Ottawa

Overdue library book? Ottawa Public Library to lower late fees

Ottawa Public Library is set relieve some of the pain of late fees in the new year by reducing what it charges for overdue books.

'We see this as a little post-Christmas present to everybody'

Ottawa Public Library deputy CEO Monique Désormeaux hopes the fee reductions draw people back to the library. 0:34

Ottawa Public Library is set relieve some of the pain of late fees in the new year by reducing what it charges for overdue books. 

Beginning on Jan. 24, these changes will go into effect:

  • Late fees for children's books will drop to 10 cents a day from 25 cents a day.
  • Late fees for adult books will lower to 40 cents a day from 50 cents a day. 
  • A new fee of $1 will be charged for books placed on hold that are not picked up.

"We see this as a little post-Christmas present to everybody," said Monique Désormeaux, the library's deputy CEO.

It's part of a plan to increase membership, improve circulation and reduce wait times for materials among library members, Désormeaux said.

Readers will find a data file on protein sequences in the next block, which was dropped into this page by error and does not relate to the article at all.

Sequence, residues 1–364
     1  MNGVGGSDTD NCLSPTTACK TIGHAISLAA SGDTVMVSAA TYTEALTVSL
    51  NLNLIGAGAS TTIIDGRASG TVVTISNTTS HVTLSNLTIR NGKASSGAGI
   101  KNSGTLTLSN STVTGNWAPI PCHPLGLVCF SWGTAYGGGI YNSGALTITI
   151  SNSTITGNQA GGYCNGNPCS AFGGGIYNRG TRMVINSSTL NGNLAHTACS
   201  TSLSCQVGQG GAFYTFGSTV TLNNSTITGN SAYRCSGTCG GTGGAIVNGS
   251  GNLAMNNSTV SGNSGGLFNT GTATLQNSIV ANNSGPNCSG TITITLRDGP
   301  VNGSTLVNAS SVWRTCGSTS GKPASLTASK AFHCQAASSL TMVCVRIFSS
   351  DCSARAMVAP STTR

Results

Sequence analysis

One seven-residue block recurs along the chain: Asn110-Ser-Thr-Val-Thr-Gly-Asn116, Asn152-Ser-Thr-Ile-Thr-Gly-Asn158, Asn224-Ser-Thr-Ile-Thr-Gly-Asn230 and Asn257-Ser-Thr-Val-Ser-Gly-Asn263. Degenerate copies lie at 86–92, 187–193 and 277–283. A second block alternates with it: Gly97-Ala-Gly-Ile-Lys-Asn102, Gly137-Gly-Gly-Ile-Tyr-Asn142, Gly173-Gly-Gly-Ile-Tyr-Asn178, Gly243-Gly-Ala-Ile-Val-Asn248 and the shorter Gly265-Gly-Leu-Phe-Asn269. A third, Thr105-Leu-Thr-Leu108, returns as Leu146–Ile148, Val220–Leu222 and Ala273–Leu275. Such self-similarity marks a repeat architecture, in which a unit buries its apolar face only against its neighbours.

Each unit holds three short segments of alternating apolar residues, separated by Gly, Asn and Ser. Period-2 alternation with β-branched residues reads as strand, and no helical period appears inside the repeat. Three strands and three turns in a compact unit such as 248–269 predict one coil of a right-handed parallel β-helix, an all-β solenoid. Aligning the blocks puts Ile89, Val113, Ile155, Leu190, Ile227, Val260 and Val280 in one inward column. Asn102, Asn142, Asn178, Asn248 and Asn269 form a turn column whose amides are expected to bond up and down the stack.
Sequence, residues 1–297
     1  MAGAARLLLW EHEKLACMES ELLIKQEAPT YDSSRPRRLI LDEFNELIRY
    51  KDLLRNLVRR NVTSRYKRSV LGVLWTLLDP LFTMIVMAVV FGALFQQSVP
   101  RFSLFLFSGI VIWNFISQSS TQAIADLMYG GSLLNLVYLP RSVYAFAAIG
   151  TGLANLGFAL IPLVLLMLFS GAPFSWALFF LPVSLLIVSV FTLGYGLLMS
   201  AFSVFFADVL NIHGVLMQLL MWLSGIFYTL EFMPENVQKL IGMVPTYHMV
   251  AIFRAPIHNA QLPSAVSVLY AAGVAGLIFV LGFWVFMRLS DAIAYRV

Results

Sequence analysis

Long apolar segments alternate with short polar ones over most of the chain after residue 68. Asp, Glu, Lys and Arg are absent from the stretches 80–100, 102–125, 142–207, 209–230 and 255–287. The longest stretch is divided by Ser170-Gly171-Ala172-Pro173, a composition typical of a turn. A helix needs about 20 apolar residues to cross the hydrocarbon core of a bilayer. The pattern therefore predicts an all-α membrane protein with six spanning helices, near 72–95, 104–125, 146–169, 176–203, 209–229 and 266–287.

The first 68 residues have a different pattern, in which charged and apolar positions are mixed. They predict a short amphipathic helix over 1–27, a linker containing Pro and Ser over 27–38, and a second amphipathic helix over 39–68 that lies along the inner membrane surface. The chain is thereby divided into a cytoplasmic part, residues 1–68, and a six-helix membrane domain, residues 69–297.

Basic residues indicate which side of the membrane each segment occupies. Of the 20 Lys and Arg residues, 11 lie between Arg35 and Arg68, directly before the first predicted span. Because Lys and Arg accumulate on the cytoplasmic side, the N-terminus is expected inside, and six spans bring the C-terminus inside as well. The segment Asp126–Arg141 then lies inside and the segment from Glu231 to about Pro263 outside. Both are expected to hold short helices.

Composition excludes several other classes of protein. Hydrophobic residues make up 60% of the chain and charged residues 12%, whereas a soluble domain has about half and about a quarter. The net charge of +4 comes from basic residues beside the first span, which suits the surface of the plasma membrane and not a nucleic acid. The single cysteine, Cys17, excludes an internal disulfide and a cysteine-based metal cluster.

"We have strong user base but we are always trying to attract new customers or lapsed customers," said Désormeaux.

To make it easier for readers to hold onto books and avoid late fees in the first place, the library will offer unlimited renewals on regular books, unless they are requested by another library card holder. The loan period for unrenewed books is three weeks.

A new charge of $1 will cover the cost of reshelving books placed on hold but not picked up.

The prices for non-residents to get library cards is also going up: from $50 to $80 for individuals, and from $120 to $160 for families and households.

'Can't afford' to drop fees entirely

In the past year, a number of public libraries across North America have dropped late fees entirely, but Désormeaux said that was not an option for the Ottawa Public Library.

Starting Jan. 24, 2018, it will cost a bit less if you have an overdue book. (CBC News)

"We can't afford it,"  Désormeaux said.

"We get between $1.2 million and $1.4 million in fees on an annual basis, and so while some fees are dropping and some new ones are being introduced we think it will be win-win for everybody."

Users can avoid fees altogether by renewing online or calling the library, she said.